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Acne jumper, Meadham Kirchhoff dress, COS poloneck, Nike trainers, & Other Stories waist pouch, Jaeger red purse, Maison Michel ears

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Then came the main event.  An unlikely fashion show in an land, far far away from the rides and the hum drum of the theme park.  Minnie took to the stage and introduced the designers, wearing a Lanvin creation, which was sculpted and bejewelled to perfection.  Alber Elbaz remarked after the show that Minnie was a delight to fit but surprisingly short, even next to his relatively diminutive height.  

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Then came the eight designers from Europe, who were tasked to interpret a Disney character – a brief that I doubt few would turn down.  Without *ahem* a hint of bias, I can safely say that UK representatives Sister by Sibling did us proud with their inspired ensemble, not of CInderella but her three mice friends Jack, Gus and Mary, who made that initial ball gown for Cinderella.  Cozette McCreery, Joe Bates and Sid Bryan, felt an affinity with the mice but thankfully their fruits of labour didn't get torn up by evil stepsisters.  They injected a bit of wit into 11:59 jumper (hand-embroidered by Laura Lees) and powder puff pom pom miniskirt, complete not with glass slippers but a pair of sparkly Katie Grand Hogans.

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From the other parts of Europe Jean Paul Knott brought the apple from Snow White and the Seven Dwarves to structured life.  Michalsky from Germany gave Cindrella a more conventional gown and Alexandre Terekhov from Russia ensured Alice wouldn't be late for her very important date.  Luisa Beccaria from Italy had Jasmine from Aladdin in purple plisse and Custo Barcelona vamped Maleficent from Sleeping Beauty up in purple leather.  Finally Phillip Treacy gave Peter Pan a new hat to don.  

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Disneyland Paris Hotel, where we were staying, is the sort of place with plush carpeted staircases and peach-hued velvet curtains.  No wonder princesses aged 2 to 12 roam around in Disney Princess costumes.  Never have I seen so much tulle, taffeta and organza floating about in one space.  Therefore for our "ball" (gala dinner), I too donned a spot of tulle since Disney Princess costumes to go beyond aged 12 sizing.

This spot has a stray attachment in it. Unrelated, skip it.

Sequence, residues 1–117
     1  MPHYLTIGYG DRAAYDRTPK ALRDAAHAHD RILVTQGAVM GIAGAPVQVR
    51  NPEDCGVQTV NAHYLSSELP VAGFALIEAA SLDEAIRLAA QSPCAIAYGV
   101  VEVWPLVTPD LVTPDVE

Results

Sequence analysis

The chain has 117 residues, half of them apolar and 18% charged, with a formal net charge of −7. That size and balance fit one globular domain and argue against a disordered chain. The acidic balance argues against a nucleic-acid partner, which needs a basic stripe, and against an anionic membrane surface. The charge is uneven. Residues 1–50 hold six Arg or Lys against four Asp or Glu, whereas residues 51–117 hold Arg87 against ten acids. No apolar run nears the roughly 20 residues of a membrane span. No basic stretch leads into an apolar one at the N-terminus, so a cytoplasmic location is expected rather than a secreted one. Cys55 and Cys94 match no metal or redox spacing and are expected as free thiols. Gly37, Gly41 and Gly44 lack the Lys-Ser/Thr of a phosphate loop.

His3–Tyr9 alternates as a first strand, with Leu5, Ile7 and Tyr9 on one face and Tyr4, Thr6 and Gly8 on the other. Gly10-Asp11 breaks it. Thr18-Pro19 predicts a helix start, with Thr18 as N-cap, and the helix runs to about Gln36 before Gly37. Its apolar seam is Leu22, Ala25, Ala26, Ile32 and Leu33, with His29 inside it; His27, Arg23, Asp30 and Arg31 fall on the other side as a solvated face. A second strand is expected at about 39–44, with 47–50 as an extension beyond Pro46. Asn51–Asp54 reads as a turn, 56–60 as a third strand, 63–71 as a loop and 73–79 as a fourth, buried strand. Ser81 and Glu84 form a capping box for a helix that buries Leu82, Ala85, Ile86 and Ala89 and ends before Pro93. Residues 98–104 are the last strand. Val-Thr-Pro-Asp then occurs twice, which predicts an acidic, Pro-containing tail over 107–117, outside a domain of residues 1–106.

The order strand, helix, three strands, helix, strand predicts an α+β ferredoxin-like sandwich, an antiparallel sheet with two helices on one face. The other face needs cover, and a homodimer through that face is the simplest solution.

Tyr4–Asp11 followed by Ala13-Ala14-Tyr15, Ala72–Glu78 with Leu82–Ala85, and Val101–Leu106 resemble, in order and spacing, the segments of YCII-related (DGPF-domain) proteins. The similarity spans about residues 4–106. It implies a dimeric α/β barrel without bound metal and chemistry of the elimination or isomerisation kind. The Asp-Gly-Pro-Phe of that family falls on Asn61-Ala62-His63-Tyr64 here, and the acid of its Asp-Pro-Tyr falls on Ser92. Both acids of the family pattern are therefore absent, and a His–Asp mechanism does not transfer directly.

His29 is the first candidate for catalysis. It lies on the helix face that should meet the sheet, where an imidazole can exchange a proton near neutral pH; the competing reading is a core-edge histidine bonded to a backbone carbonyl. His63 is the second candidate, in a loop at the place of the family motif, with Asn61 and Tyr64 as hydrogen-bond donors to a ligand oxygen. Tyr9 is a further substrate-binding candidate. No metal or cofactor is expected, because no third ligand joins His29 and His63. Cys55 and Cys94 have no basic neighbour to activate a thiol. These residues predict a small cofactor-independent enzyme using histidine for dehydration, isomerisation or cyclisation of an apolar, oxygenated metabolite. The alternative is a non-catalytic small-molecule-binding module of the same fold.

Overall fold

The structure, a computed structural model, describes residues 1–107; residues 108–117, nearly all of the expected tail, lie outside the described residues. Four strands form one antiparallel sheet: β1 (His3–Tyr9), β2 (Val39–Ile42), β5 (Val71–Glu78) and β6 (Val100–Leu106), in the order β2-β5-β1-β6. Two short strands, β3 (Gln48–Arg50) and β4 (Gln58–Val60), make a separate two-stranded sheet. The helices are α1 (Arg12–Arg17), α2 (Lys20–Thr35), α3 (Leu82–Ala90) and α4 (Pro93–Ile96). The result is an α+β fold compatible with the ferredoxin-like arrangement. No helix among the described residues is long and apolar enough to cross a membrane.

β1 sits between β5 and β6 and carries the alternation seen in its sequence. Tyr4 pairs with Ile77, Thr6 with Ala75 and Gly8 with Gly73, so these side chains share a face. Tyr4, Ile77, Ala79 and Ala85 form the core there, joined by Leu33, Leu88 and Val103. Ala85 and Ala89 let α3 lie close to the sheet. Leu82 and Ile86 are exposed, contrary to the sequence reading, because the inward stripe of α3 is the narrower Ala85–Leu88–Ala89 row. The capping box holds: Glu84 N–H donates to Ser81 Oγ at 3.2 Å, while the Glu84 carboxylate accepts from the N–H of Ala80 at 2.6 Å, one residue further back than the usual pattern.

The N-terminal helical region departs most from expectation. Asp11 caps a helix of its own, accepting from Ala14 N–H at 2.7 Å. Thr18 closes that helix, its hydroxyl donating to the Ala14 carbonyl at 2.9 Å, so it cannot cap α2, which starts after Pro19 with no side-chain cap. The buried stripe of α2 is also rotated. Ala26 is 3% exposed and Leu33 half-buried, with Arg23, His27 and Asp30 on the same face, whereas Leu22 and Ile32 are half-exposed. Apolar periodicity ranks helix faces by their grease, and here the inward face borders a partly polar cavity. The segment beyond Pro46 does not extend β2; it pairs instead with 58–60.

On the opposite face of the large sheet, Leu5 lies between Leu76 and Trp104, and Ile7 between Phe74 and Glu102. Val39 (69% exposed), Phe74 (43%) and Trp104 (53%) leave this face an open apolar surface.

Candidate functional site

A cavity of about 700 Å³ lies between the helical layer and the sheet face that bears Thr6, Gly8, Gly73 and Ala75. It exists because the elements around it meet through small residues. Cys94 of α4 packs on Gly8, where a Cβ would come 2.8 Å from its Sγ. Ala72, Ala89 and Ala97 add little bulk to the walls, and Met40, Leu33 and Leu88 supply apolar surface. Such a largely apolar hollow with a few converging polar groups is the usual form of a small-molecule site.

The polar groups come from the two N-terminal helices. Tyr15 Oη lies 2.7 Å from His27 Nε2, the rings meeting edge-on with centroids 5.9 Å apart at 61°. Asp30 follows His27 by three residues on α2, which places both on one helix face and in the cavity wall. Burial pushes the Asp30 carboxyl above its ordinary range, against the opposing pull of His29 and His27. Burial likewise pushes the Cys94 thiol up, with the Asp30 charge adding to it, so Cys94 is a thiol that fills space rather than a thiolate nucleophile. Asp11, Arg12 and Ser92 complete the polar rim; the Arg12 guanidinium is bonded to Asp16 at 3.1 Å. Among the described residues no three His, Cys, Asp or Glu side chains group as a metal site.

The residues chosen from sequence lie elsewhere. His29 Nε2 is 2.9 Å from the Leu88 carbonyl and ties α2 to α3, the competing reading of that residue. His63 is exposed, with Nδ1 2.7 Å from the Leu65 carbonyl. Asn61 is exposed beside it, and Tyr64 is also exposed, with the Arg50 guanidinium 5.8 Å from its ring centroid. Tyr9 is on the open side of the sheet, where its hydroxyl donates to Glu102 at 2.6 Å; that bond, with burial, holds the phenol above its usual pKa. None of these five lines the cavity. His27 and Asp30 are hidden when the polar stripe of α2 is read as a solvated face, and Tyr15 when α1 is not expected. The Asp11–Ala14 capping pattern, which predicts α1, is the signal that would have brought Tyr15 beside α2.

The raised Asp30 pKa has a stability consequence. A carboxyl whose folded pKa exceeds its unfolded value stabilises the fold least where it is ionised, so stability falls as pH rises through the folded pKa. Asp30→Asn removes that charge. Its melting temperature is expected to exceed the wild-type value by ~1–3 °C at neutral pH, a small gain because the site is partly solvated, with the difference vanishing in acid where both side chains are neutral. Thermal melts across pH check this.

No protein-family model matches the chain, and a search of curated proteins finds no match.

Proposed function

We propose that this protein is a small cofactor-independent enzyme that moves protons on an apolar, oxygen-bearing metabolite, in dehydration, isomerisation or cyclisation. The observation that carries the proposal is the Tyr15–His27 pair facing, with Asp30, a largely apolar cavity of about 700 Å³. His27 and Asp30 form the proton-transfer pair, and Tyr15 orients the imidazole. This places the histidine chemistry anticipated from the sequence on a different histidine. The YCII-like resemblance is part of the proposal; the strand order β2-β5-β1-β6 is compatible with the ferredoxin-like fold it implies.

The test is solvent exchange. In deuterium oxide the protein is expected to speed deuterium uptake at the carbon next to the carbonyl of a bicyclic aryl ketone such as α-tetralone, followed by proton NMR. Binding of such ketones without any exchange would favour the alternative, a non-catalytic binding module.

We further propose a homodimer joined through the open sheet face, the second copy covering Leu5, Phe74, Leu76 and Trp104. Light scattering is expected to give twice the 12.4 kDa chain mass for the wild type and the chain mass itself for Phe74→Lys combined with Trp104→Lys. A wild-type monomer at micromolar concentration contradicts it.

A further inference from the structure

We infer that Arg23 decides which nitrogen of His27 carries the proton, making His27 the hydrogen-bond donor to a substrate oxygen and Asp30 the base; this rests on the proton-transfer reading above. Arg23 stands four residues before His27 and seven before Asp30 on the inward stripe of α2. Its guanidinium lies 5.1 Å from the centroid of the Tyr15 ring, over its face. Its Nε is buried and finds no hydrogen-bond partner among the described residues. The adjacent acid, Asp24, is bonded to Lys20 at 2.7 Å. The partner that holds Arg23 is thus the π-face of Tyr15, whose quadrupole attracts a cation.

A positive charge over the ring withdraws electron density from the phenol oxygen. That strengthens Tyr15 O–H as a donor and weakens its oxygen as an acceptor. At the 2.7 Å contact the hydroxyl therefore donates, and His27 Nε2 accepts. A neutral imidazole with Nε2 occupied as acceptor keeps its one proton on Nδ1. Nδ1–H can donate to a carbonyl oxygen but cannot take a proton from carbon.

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Mo&Co. lilac faux fur jacket, Jonathan Saunders top, Lesya Paramonova tulle shirt dress, John Rocha culottes, Miista shoes, Christopher Kane purse, Comme des Garcons Tricot collar

No boring set menu or naff entertainment at the fun-fun-fun dinner.  We got pastel cold soups in tubes, face-painting and of course, Disney characters in snazzy outfits, outdoing pretty much everyone in the room.  Goofy was particularly into my lilac furriness.  

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To end the weekend, we had our spines tingled by a show that sums up what Disney means to me – that iconic shudder of anticipation when you hear those first notes of "When You Wish Upon a Star", the lilting perfect cadences of so many Disney songs accompanied by colour, jolliness and emotive gazes and early memories of understanding themes of love, death and life.   Disney Dreams was premiered last year at Disneyland Paris in celebrate of their 20th anniversary and it's an all-singing, all-dancing, water n'fire 4-D mapped projection spectacle, which plays out at the Sleeping Beauty castle. 

The show has gotten a 2013 uplift with two new scenes added in from the films Lion King and Brave,which debuted last night.  We were also the first to don a set of Disney Light Ears.  These Mickey ears that light up were an intrinsic part of the show as the lights were programmed to complement the sequences, syncing up in colour and beat.  We were all instruments to the show for one special night, and the ears will be available to the public later on this summer to accompany the nightly show spectacular.  

I dare any Disney naysayer to come away from this show and not be impressed because even a few hardened blokes around me were making "WOW" faces.  Beyond the theme parks, the merchandise and the live action movie empire, Disney Dreams underlines what is at the heart of Disney for most people, which is the many many well-loved characters that are like childhood friends you've grown up with.